The sixth annual unquote” Italia Private Equity Congress took place in November at the Four Seasons in Milan, bringing GPs, LPs and advisers together to discuss the issues shaping the industry.
While several pan-European challenges were the subject of discussion, including the sliding of financial engineering into the history books brought about by the scarcity of debt, several indigenous issues were brought to the fore.
Italy, it emerged, has a public relations problem. Investors are generally concerned about investing in Italy, despite the country's relatively good long-term track record of returns. "But much of that uncertainty is perception," said Dimitri Christopher, partner and head of private equity in Italy at PricewaterhouseCoopers.
"Italy tends to get lumped together with southern European neighbours such as Spain or even Greece. But the economies are not comparable," he added. "Primary surplus is one of the highest in Europe and the country has a reasonably stable banking system that has not needed outside help. High public debt is our problem."
This negative perception has also bled into investors' consideration of Italian professionalism, some suggested. "Communication, transparency and being open and honest are incredibly important for an Italian fund manager to prove to foreign investors that they are a good opportunity," said Richard Damming, investment manager at Adveq. "Unfortunately however, there is a common perception outside of Italy that the latter two aren't Italy's strongpoint," he added.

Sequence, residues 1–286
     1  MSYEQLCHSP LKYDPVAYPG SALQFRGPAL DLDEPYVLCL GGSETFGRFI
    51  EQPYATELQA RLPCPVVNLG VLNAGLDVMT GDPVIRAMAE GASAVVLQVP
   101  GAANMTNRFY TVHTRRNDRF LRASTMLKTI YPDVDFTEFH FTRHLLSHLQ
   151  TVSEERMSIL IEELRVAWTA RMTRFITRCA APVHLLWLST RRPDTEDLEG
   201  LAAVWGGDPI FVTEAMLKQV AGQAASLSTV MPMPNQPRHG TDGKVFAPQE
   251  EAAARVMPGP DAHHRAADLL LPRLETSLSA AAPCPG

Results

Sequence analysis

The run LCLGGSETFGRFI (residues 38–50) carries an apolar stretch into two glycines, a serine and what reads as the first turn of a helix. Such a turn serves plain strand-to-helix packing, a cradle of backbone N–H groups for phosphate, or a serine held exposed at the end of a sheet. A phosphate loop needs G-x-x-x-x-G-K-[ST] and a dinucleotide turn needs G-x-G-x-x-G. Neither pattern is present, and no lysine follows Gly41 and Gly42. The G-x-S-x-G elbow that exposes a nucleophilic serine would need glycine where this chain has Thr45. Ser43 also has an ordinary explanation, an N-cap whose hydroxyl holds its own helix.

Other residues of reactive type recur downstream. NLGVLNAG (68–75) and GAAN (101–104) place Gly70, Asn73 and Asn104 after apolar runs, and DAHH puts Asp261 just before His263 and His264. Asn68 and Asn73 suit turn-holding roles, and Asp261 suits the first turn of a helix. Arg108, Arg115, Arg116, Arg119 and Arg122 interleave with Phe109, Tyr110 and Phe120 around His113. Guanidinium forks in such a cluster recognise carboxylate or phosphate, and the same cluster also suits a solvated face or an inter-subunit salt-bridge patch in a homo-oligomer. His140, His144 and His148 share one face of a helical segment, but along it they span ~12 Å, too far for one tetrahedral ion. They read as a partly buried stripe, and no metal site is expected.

And others agreed. "Actually, professionalism in Italy in general is not always as high as it is elsewhere in Europe. So a focus on professionalism and trustworthiness is incredibly important," said Valentina Franceschini, partner at Wise. For the 83% of GPs in the audience who declared their intention to begin fundraising next year, wooing LPs could be a big challenge.
"Italy has lost relevance on the international scene in terms of being a target country," said Fausto Boni of 360 Capital Partners, succinctly summarising the nation's plight. "It is very low on the priority list," he added. What is needed is a major revamp of the nation's image in the eyes of LPs. And with initiatives such as Why Not Italy? basing their activity on just that, perhaps this is set to change. Given that the tightening availability of debt has spelt disaster for several SMEs, private equity seems a natural partnership for a country comprising such a high number of small businesses.
What's more, Italy could be perfectly positioned to capitalise on a developing private equity industry in Africa given that just 155 kilometres separate the nearest points of both. "Italy is at the heart of the Mediterranean and very near to North Africa," said Alessandro Grimaldi from Clessidra. "So Italy is the natural partnership for Africa and a positive and important relationship could develop over the next 10 years." Perhaps the nation might be the forerunner of an important new partnership in the industry.
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